Kirsty left Canada in 2001 and has lived, travelled, and volunteered around the world ever since. She has called Kigali, Rwanda home since 2010 and is working on a city guide website and a printed tourist map of the city. Both projects require her to really explore and get under the skin of Rwanda’s hilly capital and she’s happy to help any travellers coming this way. Please enjoy this week-in-the-life of Kirsty in Rwanda!
I’ve lived in Kigali, Rwanda for just over four years and my life has settled into a nice little routine. My typical week doesn’t look much different than it did when I lived in London or Canada but my work and my choice to live in Rwanda are a bit unconventional, so here goes…
Day 1 – Thursday
7:30am – I wake up, make eggs and coffee and sit down on my back porch to do some work. I’ve spent the past few months rewriting a volunteering eBook I wrote back in 2009 called The Underground Guide to International Volunteering and last week I finally finished the thing, figured out how to format it for Kindle, and uploaded it to Amazon. Right now I’m working on a website (International Volunteer Guide) where people can go for more information. It’s an annoying, finicky, last minute type job but it needs to get done before I can start promoting the eBook so I spend my morning working on this.
Noon – I have a lunch date with two ladies who volunteer with the Africa International Club who organize a lot of charity fundraising events. I want to talk to them about what they do so I can feature them on my Kigali city guide website as a good cause. Their work is interesting and I enjoy the conversation with eating a good burger and enjoying the scenery. Kigali is very hilly and you seem to have a fantastic view, no matter where you are.
2pm – After a lovely lunch I head home to read in my sunny garden for an hour before chaining myself to my desk once again to finish the eBook website.
8pm – A friend’s parents are visiting so I meet them all out for dinner at Republika, one of my favourite Kigali restaurants. I like the atmosphere, the local menu, the large wines, and the owners. They’re a brother and sister team who grew up in Ottawa, Canada but returned to Rwanda once things here began to stabilize. Rwanda is a country with tremendous opportunity and there are lots of budding entrepreneurs here, especially returning Rwandese.
Day 2 – Friday
10am – A few weeks ago I was put in touch with the Nyamirambo Women’s Centre (NWC), a locally-run NGO catering to women in the area. Nyamirambo is vibrant, lively, slightly edgy, and there always seems to be something happening here. The NWC run a walking tour and they invited me along so I could write about it for my website. We learn about the organization, visit a local tailor and hair salon, wander around a small market, and finish off with a lunch of rice, beans, cassava, and some yummy tomato dish cooked by one of the ladies of the NWC. Afterwards we return to their office where we look at some of their creations – baskets, earrings, and colourful children’s clothes are their main focus so far.
2pm – Tired from my day traipsing around busy Nyamirambo, I head home to read in my hammock and fall asleep.
4pm – I wake up with a bit of a sunburn and head back to my desk to edit my photos from the day’s tour and write some notes about the experience.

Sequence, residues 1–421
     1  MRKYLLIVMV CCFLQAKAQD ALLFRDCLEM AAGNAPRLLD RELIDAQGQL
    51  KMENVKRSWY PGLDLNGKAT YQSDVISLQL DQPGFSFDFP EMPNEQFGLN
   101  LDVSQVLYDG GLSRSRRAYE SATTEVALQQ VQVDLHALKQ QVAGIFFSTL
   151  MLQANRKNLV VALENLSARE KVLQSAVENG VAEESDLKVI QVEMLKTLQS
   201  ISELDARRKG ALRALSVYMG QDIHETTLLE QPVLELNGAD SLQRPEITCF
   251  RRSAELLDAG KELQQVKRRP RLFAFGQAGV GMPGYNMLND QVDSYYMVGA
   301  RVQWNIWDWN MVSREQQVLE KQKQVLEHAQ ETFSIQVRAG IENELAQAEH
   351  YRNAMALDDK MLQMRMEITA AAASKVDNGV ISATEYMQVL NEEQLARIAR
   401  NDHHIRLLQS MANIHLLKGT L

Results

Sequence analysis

8pm – I meet up with a couple of friends for dinner; one who runs financial literacy programmes who just got back from Kinshasa and the other who works with torture victims who got back that morning from Burundi. You can always count on meeting interesting people here! We go to another of my favourite restaurants, Sakae, and I order sushi. Sushi in landlocked Rwanda, I hear you asking? Well… I don’t think about that too much but it’s pretty tasty.
Day 3 – Saturday
8am – I wake up and putter around in my garden. Rwanda is an amateur gardener’s dream and things just seem to grow here without much effort. The weather is great and the plants are mostly happy which makes gardening a pretty fun pastime.
Noon – I eat lunch at home and then head up to the pool at a the Serena, Kigali’s only five star hotel. My membership here is my guilty Rwandan pleasure. It’s expensive but I love the gym and the pool and I certainly use it a lot. I spend the rest of the day reading in the sun, working on my computer in the lobby, and sweating in the gym.
7:30pm – A friend of mine is having drinks at a bar out in an area of Kigali full of local bars serving beer and brochettes. A brochette is wooden skewer with hunks of meat (usually goat or fish and sometimes beef and chicken) speared onto it and then barbequed with a delicious seasoning. Any local place will serve them and Kigali residents always have their favourite ‘secret’ spot.
10pm – I move on to Heaven Restaurant, a restaurant catering mainly to tour groups. But it is a nice space and they host interesting events fairly regularly. With a belly full of brochettes, I arrive to find lots of familiar faces watching some live music. I buy a beer and sit down to chat with some friends.
1am – One beer turns into four and I am soon convinced to keep the party going and follow the crowd to another bar.
3am – Four beers turns into shots and the drunken mob moves onto Sundowner, one of Kigali’s notorious late-night spots. Dancing, drinking, talking, repeat.
5am – Home to my welcoming bed.
Day 4 – Sunday
Noon – This is about when I surface, due to the shenanigans the previous evening. I don’t feel much like leaving my bed so I watch three episodes of House of Cards and laze around.